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How it is performed
View original article on NHS Choices
You'll usually be admitted to hospital on the day of your operation. The surgeon and anaesthetist will usually come and see you to discuss what will happen and answer any questions you have.
Most people would have seen their surgeon at a pre-assessment clinic and had the chance to the operation.
A senior-level surgeon, consultant or registrar will do the operation. They may be helped by junior doctors. You should be told at your pre-operative assessment who will be doing the operation. Ask if you're not told.
How the operation is done
Knee replacement surgery is usually performed either under general anaesthetic (you're asleep throughout the procedure) or under spinal anaesthetic or epidural (you're awake but have no feeling from the waist down).
The worn ends of the bones in your knee joint are removed and replaced with metal and plastic parts (a prosthesis) which have been measured to fit.
You may have either a total or a partial knee replacement. This will depend on how damaged your knee is. Total knee replacements are the most common.
Read more information about what happens on the day of your operation.
Total knee replacement
In a total knee replacement, both sides of your knee joint are replaced. The procedure takes 1 to 3 hours:
- Your surgeon makes a cut down the front of your knee to expose your kneecap. This is then moved to the side so the surgeon can get to the knee joint behind it.
- The damaged ends of your thigh bone and shin bone are cut away. The ends are precisely measured and shaped to fit the prosthetic replacement. A dummy joint is positioned to test that the joint is working properly. Adjustments are made, the bone ends are cleaned, and the final prosthesis is fitted.
- The end of your thigh bone is replaced by a curved piece of metal, and the end of your shin bone is replaced by a flat metal plate. These are fixed using special bone 'cement', or are treated to encourage your bone to fuse with the replacement parts. A plastic spacer is placed between the pieces of metal. This acts like cartilage, reducing friction as your joint moves.
- The back of the knee cap may also be replaced, depending on the reasons for replacement.
- The wound is closed with either stitches or clips and a dressing is applied to the wound. In rare cases a splint is used to keep your leg immobile, but you're usually encouraged to move your knee as early as possible.
You're likely to still have some difficulty moving after your operation, especially bending your knee. Kneeling may be difficult because of the scar.
Partial (half) knee replacement
If only one side of your knee is damaged, you may be able to have a partial knee replacement. This is a simpler operation, which involves a smaller cut and less bone being removed. It's suitable for around 1 in 4 people with osteoarthritis.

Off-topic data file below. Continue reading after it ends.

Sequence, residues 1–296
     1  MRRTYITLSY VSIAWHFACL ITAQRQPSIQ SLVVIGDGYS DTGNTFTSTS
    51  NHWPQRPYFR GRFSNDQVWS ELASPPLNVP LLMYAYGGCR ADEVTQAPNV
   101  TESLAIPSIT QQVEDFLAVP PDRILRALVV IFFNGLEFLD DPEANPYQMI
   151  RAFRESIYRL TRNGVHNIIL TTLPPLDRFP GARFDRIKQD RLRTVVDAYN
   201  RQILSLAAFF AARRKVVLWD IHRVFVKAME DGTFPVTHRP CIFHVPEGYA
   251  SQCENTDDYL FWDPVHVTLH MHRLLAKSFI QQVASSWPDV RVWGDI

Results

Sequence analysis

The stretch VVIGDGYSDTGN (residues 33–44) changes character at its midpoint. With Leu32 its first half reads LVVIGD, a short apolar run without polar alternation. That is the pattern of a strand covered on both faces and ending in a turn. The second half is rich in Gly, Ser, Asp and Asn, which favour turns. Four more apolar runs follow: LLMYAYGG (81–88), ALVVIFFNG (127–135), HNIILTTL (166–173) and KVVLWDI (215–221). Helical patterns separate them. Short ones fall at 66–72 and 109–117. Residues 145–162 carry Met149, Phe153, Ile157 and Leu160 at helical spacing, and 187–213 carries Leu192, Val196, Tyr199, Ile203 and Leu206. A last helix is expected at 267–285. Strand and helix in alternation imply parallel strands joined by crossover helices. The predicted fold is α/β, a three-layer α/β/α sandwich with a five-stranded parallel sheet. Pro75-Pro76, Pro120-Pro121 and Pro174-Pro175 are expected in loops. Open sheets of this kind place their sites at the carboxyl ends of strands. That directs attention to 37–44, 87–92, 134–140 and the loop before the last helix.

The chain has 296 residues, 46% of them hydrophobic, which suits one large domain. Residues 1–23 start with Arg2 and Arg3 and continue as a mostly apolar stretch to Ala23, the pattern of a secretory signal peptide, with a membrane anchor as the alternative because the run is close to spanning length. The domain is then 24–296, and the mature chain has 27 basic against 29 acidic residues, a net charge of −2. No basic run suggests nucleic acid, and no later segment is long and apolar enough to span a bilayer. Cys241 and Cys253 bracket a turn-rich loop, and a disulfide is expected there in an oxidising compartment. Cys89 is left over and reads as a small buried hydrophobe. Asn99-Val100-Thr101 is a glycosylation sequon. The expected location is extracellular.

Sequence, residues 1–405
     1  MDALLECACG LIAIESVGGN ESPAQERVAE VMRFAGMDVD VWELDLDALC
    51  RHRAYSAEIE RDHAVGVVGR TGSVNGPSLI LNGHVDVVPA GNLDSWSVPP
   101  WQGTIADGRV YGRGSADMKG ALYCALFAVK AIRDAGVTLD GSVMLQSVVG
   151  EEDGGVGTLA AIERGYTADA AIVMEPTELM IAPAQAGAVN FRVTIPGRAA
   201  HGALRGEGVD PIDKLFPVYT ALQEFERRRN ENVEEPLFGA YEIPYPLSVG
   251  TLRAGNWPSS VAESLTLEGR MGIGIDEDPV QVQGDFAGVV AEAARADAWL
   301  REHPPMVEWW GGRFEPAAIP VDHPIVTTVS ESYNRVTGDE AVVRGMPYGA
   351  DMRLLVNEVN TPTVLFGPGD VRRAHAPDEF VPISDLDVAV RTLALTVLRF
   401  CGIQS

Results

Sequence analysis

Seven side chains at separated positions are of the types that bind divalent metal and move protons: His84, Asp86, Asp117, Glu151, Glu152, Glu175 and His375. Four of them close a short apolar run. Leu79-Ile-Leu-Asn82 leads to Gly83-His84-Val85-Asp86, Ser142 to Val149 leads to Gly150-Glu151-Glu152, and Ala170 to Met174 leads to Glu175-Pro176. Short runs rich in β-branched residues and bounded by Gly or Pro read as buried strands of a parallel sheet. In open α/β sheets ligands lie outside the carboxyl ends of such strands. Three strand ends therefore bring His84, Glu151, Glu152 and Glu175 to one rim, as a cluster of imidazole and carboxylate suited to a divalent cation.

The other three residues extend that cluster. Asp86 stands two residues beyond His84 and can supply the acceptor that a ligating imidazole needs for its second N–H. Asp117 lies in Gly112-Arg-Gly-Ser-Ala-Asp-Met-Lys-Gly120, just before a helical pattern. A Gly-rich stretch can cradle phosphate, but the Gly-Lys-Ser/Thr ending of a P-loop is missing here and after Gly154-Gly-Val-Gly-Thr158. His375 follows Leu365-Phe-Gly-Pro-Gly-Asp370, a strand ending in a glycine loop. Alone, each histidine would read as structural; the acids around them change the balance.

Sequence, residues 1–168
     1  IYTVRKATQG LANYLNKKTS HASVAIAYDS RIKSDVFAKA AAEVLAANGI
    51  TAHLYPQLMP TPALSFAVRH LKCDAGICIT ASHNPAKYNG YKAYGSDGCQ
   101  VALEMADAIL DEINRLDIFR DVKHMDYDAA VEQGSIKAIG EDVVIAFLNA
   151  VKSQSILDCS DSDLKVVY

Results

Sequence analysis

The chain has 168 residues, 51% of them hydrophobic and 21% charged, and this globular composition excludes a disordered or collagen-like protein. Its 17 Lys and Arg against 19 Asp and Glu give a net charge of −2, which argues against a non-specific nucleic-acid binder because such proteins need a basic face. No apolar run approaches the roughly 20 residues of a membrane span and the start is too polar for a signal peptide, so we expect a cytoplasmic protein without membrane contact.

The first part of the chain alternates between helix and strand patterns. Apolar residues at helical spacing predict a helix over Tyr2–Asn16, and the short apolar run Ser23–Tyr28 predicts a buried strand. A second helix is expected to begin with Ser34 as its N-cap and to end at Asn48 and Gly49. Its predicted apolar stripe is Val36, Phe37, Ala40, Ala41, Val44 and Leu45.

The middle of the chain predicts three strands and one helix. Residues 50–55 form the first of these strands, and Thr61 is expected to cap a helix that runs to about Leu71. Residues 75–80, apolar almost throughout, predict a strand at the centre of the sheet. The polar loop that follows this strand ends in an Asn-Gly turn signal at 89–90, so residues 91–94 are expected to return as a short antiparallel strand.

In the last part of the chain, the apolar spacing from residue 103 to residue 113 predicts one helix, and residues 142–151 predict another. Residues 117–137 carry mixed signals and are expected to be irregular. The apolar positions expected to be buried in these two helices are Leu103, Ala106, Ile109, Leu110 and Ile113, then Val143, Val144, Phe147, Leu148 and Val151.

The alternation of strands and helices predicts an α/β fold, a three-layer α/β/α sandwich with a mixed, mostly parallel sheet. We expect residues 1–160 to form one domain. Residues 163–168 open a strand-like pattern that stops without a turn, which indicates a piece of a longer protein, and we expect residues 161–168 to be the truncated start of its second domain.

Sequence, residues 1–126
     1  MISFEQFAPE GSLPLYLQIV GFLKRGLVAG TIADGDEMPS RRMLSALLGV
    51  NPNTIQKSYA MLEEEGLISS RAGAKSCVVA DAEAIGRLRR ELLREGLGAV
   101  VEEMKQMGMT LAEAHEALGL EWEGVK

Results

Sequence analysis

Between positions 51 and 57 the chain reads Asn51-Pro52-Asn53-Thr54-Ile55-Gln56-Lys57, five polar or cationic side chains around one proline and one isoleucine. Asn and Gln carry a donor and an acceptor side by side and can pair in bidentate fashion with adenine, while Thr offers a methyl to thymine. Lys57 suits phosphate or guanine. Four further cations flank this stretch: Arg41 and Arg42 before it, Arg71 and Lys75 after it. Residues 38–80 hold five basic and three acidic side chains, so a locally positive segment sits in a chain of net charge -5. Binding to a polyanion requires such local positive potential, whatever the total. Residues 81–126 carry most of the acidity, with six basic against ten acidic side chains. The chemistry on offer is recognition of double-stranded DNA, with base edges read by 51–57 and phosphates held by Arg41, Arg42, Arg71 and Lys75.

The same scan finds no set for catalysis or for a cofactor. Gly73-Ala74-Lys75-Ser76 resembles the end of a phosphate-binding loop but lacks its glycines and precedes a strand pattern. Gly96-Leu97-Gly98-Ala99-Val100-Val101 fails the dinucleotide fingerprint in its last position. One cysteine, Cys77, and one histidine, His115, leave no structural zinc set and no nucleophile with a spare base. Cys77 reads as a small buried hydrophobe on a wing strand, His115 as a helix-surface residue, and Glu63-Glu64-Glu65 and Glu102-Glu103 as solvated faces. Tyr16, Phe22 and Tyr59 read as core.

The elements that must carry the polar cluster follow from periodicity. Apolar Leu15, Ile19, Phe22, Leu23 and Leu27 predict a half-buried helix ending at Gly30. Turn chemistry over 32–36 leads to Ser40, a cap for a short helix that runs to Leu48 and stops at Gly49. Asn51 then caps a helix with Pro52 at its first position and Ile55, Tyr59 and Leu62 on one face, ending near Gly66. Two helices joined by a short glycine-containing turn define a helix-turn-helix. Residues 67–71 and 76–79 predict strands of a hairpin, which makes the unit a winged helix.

The advantages of partial knee replacement include a shorter hospital stay and recovery period. Blood transfusions are also rarely needed. This type of joint replacement often results in more natural movement in the knee and you may be able to be more active than after a total knee replacement.
Talk to your surgeon about the type of surgery they intend to use and why they think it's the best choice for you.
In some cases, there may be other types of surgery you can have, including:
If only your kneecap is damaged, an operation called a patellofemoral replacement or patellofemoral joint arthroplasty can be performed. This is a simpler surgery with a faster recovery time. However, the long-term results are still unclear and it's not suitable for most people with osteoarthritis.
This is usually used for partial knee replacements.
The surgeon makes a smaller cut than in standard knee replacement surgery. Specialised instruments are then used to manoeuvre around the tissue, rather than cutting through it. This should lead to a quicker recovery.
Read the NICE guidance on mini-incision surgery for total knee replacement.
The surgeon performs this operation using computerised images, which are generated by attaching infrared beacons to parts of your leg and to the operating instruments. These are tracked on infrared cameras in the operating theatre. Results so far suggest that this may enable the new knee joint to be positioned more accurately.
Most hospitals don't yet have the equipment to do this and only around 1 in 100 knee replacements are performed in this way.
Patient-specific knee replacement
This is a more recent advance in knee replacement surgery. A guide is created using MRI scans. This helps to create the best fitting prosthesis for each patient.
The potential advantage is that the prosthesis may last longer, as the most accurate fitting is used. However, as this is a new technique, the results and long-term effects aren't fully known yet.